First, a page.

Ultramicroporous membranes for hydrogen separation

M. C. Duke, J. C. Diniz da Costa, G. Q. Lu, M. Petch and P. Gray (2002). Ultramicroporous membranes for hydrogen separation. In: EERE 2002, Environmental Engineering Research Event, Blackheath, NSW, Australia, (1-7). 3-6 December, 2002.

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Author M. C. Duke
J. C. Diniz da Costa
G. Q. Lu
M. Petch
P. Gray
Title of paper Ultramicroporous membranes for hydrogen separation
Conference name EERE 2002, Environmental Engineering Research Event
Conference location Blackheath, NSW, Australia
Conference dates 3-6 December, 2002
Publication Year 2002
Sub-type Fully published paper
Volume On proceedings cd:
Start page 1
End page 7
Abstract/Summary Fuel cell systems offer excellent efficiencies when compared to internal combustion engines, which result in reduced fuel consumption and greenhouse gas emissions. One of the areas requiring research for the success of fuel cell technology is the H2 fuel purification to reduce CO, which is a poison to fuel cells. Molecular sieve silica (MSS) membranes have a potential application in this area. In this work showed activated transport, a characteristic of ultramicroporous (dp<5Å) materials in which the permeation increased with temperature. H2 permeance resulted in 1.2 x 10-8 mol.m-2.s-1.Pa-1 and a H2/CO permselectivity of 33 (200oC, 2 bar _P). Observations made during surface preparation showed that the permeance was not hindered by the intermediate layers, and that only the top (selective) layer played a significant role in reducing gas permeance. The pressure difference across the membrane showed that the permeance was pressure independent, except at pressures below 2 bar, which resulted in a higher permeance. High quality membranes purified a mixed gas containing 42% H2 by over two fold with the remainder being made up of N2, CO2 and CO. These are encouraging results for applying MSS membranes to environmentally promising fuel cell systems.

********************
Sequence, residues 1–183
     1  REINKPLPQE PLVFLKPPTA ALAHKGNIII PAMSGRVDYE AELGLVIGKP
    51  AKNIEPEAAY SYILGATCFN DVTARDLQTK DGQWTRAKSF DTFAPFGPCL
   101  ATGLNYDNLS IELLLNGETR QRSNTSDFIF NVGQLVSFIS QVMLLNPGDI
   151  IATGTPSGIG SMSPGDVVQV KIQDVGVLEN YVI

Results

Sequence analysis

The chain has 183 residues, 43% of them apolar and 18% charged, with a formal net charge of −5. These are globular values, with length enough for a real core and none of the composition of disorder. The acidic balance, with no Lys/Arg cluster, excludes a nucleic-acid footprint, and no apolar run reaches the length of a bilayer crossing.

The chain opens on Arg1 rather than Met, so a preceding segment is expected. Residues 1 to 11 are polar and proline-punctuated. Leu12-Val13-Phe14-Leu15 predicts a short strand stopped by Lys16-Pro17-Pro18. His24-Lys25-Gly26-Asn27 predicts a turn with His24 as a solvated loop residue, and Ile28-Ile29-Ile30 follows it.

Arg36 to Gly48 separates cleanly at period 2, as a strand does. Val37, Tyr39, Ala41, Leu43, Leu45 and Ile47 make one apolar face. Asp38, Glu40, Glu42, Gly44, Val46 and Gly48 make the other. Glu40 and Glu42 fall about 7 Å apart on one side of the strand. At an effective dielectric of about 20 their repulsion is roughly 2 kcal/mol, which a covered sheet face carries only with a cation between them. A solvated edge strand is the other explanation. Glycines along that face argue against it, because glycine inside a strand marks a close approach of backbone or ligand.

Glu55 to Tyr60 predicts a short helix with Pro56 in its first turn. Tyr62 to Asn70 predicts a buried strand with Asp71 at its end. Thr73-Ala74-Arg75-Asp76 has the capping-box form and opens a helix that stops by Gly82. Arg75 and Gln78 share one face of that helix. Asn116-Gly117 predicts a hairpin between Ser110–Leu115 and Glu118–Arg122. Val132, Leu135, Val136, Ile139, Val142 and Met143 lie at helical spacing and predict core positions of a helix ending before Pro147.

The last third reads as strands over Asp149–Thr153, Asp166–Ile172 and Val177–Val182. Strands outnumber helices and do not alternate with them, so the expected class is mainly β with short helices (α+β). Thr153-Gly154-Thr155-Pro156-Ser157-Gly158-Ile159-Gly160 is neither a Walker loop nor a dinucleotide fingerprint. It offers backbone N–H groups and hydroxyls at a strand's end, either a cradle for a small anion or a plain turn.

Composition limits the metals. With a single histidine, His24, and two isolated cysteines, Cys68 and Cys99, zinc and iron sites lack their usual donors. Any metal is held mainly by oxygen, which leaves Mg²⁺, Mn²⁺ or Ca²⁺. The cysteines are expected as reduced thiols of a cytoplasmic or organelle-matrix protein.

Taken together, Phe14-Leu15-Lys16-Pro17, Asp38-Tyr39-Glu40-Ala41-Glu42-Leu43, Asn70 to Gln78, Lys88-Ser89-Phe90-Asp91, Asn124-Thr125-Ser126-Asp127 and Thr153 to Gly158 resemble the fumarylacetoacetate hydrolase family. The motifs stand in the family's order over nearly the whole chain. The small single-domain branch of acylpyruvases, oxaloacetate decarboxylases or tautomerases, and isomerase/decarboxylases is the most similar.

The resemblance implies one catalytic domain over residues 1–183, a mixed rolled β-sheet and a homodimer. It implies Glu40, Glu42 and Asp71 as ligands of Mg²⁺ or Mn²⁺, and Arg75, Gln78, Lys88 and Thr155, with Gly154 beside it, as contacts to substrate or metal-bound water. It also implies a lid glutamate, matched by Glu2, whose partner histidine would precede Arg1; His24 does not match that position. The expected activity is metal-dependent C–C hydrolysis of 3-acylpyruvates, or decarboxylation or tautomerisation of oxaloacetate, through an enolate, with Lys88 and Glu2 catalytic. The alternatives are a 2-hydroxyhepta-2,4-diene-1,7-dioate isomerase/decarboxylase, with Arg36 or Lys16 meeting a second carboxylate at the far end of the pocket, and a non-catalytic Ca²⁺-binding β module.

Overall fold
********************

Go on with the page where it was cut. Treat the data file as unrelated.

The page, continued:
Subjects 290603 Membrane and Separation Technologies
References Diniz da Costa, J. C., G. Q. Lu, V. Rudolph and Y. S. Lin, (2002) Novel molecular sieve silica (MSS) membranes: characterisation and permeation of single-step and two-step sol-gel membranes. Journal of Membrane Science vols.198, no.1, pp. 9-21. de Vos, R. M. and H. Verweij, (1998) Improved performance of silica membranes for gas separation. Journal of Membrane Science vol.143, nos.1-2, pp. 37-51. ECW, (2000) Fuel Cells for the Distributed Generation: A Technology and Marketing Survey, Energy Centre of Wisconsin, Report 193-1, March 2000 Hasegawa, Y., A. Ueda, K. Kusakabe and S. Morooka, (2002) Oxidation of CO in hydrogen-rich gas using a novel membrane combined with a microporous SiO2 layer and a metal-loaded [gamma]-Al2O3 layer. Applied Catalysis A: General vol.225, nos.1-2, pp. 109-115. Koros, W. J. and R. Mahajan, (2000) Pushing the limits on possibilities for large scale gas separation: which strategies? Journal of Membrane Science vol.175, no.2, pp. 181-196. Ledjeff-Hey, K., V. Formanski, T. Kalk and J. Roes, (1998) Compact hydrogen production systems for solid polymer fuel cells. Journal of Power Sources vol.71, no.1-2, pp. 199-207. Lin, Y.-M. and M.-H. Rei, (2000) Process development for generating high purity hydrogen by using supported palladium membrane reactor as steam reformer. International Journal of Hydrogen Energy vol.25, no.3, pp. 211-219. D. Rastler, D. Herman, R. Goldstein and J. O'Sullivan, (1996) State of the art fuel cell technologies for distributed Power, Electric Power Research Institute, Palo Alto, California, USA Tosti, S., L. Bettinali and V. Violante, (2000). Rolled thin Pd and Pd-Ag membranes for hydrogen separation and production. International Journal of Hydrogen Energy vol.25, no.4, pp. 319-325.
Q-Index Code E1
Q-Index Status Provisional Code
Institutional Status Unknown

 
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